“We’ll go there, then,” said Trinh. “Get out of sight as quickly as we can.”
Turning away, I moved where Quill was crouched by Naran. The little boy had one arm around Hew and was listening seriously to whatever Quill was telling him. Naran smiled when he saw me, “Miss Meredithe,” his voice was watery from crying.
“Call me Zare,” I replied, kneeling to wrap the dresses around him. I used their sleeves to tie them around his waist and crisscrossing his chest. Hopefully they would keep him reasonably warm.
“Zare,” Naran tried the name on his tongue. “That’s a funny name.”
I smiled. “No funnier than yours.”
“My name isn’t funny.”
“Exactly,” I patted the bulky knots. It would do.
“Ready, Naran?” asked Quill.
The boy nodded, and Quill picked him up. I collected Hew’s leash and got to my feet. With a glance at the others I led the way out of the room. The door to the hallway was cracked open, letting a thin beam of light slice the room. I could see Ayglos’s shadow shift as we approached, and the door pushed open slowly.
“Are you ready?” asked my brother, without turning to look at us.
“We are,” I replied, pulling the door open just a little further.
“Come quickly, then.”
“Turn right,” said Hess from behind me.
I strode out with Hew, my fingertips brushing the knives on my thigh for comfort. The others followed, Trinh, Hess, Rakov and then Quill. I could imagine the double take as my brother noticed the number of children. Other than Hew’s panting and the occasional sniffle, we were surprisingly quiet. It felt as though we were all holding our breath, and we certainly weren’t moving as quickly as on our trip in. We passed the hallway we’d taken to get here, continuing straight for an excruciating time before Hess whispered, “See those alcoves ahead? Just before that junction? We want alcove on the right.”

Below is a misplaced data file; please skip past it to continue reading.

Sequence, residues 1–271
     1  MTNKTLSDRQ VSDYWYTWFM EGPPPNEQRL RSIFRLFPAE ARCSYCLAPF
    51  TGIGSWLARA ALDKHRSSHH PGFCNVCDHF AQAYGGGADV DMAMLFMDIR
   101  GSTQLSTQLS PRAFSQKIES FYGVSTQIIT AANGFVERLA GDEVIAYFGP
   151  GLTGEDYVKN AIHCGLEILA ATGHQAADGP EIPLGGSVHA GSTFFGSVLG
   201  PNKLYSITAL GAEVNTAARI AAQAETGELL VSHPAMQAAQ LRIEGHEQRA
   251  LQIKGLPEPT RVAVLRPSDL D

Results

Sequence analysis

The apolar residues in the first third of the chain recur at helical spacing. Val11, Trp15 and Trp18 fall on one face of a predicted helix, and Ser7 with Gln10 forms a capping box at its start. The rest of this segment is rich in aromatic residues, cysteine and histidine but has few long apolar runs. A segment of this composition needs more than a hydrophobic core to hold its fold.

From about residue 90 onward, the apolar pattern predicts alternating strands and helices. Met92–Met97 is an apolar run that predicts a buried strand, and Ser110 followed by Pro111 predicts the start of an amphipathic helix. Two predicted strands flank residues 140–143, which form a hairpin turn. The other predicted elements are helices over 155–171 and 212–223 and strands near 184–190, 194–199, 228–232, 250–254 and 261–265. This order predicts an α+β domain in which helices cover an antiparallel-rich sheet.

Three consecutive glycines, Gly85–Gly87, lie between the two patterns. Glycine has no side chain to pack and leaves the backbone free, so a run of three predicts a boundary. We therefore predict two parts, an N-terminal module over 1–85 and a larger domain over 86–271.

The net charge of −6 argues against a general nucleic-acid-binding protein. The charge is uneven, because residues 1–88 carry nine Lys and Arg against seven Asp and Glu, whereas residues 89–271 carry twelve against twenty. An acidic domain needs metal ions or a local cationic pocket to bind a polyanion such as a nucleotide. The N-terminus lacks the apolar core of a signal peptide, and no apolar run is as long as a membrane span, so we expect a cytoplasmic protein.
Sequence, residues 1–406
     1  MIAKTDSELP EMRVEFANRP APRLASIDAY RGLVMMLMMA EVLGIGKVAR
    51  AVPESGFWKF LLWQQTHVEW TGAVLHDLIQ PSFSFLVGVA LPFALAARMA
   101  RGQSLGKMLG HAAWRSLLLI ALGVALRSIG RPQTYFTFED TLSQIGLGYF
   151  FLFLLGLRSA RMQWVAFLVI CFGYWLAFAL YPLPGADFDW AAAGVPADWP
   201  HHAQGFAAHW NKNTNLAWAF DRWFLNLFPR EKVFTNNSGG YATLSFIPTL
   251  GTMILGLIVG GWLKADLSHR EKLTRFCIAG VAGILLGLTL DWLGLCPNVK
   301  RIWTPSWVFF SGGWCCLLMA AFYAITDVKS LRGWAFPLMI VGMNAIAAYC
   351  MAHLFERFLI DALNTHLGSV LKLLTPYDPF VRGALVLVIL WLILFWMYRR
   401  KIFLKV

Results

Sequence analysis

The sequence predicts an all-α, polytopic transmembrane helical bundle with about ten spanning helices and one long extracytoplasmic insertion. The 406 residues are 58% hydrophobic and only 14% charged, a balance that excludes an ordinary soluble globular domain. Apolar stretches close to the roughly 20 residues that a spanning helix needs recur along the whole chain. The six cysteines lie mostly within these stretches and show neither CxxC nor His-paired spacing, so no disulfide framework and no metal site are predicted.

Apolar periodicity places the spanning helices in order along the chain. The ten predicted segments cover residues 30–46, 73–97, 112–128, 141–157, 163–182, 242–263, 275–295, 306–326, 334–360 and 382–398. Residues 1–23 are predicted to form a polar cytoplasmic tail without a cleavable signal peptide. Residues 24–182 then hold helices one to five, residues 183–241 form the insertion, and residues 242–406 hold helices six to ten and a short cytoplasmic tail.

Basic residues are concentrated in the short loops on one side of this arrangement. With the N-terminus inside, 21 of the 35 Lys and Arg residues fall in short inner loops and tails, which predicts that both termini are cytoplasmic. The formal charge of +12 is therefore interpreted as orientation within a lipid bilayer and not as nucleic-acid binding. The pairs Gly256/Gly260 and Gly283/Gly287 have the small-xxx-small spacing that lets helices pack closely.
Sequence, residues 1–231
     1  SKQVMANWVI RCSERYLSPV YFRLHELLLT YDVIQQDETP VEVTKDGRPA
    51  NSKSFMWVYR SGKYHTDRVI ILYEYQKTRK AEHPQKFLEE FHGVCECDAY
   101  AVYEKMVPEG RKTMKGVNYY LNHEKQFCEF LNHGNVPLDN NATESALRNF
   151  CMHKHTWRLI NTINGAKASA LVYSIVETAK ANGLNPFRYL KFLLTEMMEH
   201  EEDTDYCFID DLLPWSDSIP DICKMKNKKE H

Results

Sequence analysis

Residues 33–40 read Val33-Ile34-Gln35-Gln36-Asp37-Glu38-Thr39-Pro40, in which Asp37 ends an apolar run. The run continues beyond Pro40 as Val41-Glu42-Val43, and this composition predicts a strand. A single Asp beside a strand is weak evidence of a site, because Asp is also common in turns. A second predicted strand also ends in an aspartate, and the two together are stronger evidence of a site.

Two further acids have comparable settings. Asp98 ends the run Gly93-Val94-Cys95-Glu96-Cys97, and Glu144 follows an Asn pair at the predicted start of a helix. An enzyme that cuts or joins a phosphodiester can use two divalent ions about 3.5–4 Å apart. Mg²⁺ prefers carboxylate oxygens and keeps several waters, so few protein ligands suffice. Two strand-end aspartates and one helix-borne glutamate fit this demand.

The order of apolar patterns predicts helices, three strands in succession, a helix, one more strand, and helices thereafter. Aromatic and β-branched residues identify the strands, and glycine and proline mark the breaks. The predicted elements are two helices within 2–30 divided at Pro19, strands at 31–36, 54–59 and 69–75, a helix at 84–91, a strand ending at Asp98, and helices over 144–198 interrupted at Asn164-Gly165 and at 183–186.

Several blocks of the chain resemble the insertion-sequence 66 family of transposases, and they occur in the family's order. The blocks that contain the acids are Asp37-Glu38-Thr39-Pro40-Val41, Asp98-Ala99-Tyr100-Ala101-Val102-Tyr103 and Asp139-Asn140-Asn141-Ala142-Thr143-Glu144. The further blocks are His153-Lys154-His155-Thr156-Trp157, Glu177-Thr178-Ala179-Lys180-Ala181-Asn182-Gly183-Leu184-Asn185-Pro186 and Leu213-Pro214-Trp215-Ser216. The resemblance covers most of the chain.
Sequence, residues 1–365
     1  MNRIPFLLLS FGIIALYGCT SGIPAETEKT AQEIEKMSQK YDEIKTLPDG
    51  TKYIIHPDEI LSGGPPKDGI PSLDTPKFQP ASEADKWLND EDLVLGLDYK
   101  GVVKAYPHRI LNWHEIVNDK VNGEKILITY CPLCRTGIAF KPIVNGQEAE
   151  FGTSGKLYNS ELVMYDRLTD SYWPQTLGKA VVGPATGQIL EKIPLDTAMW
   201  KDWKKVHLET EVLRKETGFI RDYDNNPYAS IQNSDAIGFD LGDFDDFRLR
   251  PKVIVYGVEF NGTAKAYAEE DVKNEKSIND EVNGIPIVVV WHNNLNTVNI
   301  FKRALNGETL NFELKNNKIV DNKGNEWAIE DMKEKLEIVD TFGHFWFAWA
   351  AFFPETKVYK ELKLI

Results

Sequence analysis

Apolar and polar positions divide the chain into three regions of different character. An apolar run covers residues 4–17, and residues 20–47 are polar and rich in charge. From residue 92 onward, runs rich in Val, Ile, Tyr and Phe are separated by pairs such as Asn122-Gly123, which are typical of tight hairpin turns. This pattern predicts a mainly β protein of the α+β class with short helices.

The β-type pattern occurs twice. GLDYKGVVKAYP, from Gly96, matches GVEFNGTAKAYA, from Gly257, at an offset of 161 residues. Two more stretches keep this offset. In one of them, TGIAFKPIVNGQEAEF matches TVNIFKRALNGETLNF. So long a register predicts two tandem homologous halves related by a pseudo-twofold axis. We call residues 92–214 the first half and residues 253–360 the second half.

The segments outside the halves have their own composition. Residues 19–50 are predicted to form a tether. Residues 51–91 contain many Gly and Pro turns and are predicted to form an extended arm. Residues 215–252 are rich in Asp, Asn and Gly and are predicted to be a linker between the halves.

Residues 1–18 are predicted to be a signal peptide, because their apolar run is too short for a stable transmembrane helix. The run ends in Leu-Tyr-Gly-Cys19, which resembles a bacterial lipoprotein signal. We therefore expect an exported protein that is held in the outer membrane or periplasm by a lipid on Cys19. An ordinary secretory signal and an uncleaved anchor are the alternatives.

I nodded and angled for it. My steps slowed as we got closer to the junction, my skin starting to crawl. It took a second to place the feeling, but it was the same I had felt in the Queen’s rooms when Quill and I had found the remnants of that evil rite. Lightning crackled through me. I scanned the halls, looking for any sign, expecting to see ash, blood, and black feathers. There was nothing. I couldn’t hear anything over Hew’s breathing and my own heartbeat. Gingerly, I approached the alcove and peered inside. It was empty. A couple chairs and a table framed a tapestry. Hess touched my elbow and I jumped, “Behind the tapestry,” she offered, kindly not commenting on my spook.
I stepped into the alcove, every breath expecting something to jump out. I drew a knife before approaching the tapestry and lifting it aside. The passageway was dark. I hooked the tapestry over a knob in the wall and stepped in enough to look for a lamp. There was one, just inside, hanging on a hook just within my reach. Lifting it down, I lit it with a match stored in the base.
The lamp cast yellow light on the wooden walls of the passage, showing it was empty and devoid of dark rituals. Comforted, I handed the lamp to Hess. “Do you know the way?” I asked.
“Yes,” she looked at Trinh, he nodded. Hess took the lead, the men filing in behind her, each heavy laden with wide eyed and silent children.